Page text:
A Clear And Present Armchair

Pull Up A Chair

A Wing-Back chair is designed to reflect back heat from the fire to keep the sitter warm. This chair is in a hallway – a warm hallway at that – leading to individual apartments. It really has no purpose except to make the hallway seem more homely*.

No one is going to sit on it on the way out – because his or her mind will be on the destination to which they are heading. And no one is going to sit on it when they return, because his or her own apartment is calling.

I think of it as a chair of emotional upset.

When someone has just opened a letter and received terrible news, or has just had a conversation with a visitor to the main door that has left him or her cold with dread, then they might sink back down into it in deep reflection.

I tried to think of it as a chair of happy stupefaction, as when someone opens a letter to discover they have won a million pounds, but I just can’t see it. They might sit down dazed for a second, but then they would be bounding up the stairs to tell someone.

So for me it is a chair of poignant times, such as happens in the film Clear And Present Danger.

Clear And Present Danger

I love a good adventure film that has an intelligent narrative. Clear And Present Danger with Harrison Ford as a US intelligence agent is the story of drug cartels in Colombia and complicity in vengeance at the highest levels of the US government.

But for all the adventure, there is one short scene near the end of the film that I find very moving.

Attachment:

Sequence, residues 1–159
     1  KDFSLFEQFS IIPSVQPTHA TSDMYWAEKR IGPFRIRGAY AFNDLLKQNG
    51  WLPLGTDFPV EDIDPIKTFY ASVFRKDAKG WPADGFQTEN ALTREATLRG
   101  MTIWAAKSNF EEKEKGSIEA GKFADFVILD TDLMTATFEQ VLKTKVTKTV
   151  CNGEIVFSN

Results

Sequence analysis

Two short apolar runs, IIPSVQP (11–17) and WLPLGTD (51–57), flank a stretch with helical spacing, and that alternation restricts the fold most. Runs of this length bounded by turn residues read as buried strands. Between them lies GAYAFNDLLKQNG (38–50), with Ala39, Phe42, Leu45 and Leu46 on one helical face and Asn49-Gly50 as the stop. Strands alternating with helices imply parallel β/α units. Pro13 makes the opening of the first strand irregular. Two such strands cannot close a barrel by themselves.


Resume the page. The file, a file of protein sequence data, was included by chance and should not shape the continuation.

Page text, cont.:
Harrison Ford has just had a showdown with the President. He is on his way to bring everything out into the open and he is met in the corridor by the National Security Advisor who was up to his neck in the illegal goings on.

The National Security Advisor asks to have a word, and Ford says he does not want to have a word, and walks on.

And the National Security Advisor walks dazedly a few steps and then sits down heavily and wearily in a chair in the corridor.

Now in the setting (a corridor in the White House) it is kind of obvious that no one ever sits in that chair. They are too busy going to see the President or on some other important business.

The chair is just a decoration – except on this occasion.

I have always thought it is a masterful moment and wonder whether it is in the book from which the film was made, or whether it was the director’s idea, or the actor’s idea, or someone else’s.

*Homely is British English and the equivalent of the American English word homey. With thanks to Teresa Silverthorn for mentioning this 🙂

4 replies on “A Clear And Present Armchair”

Every time I see a Brit use the term “homely” – I smile.

In US it is a negative term. “Homely” means kind of unattractive, like a homeless person – or someone who hasn’t bathed.

We say “Homey” to describe a comfortable spot.

Funny 😉


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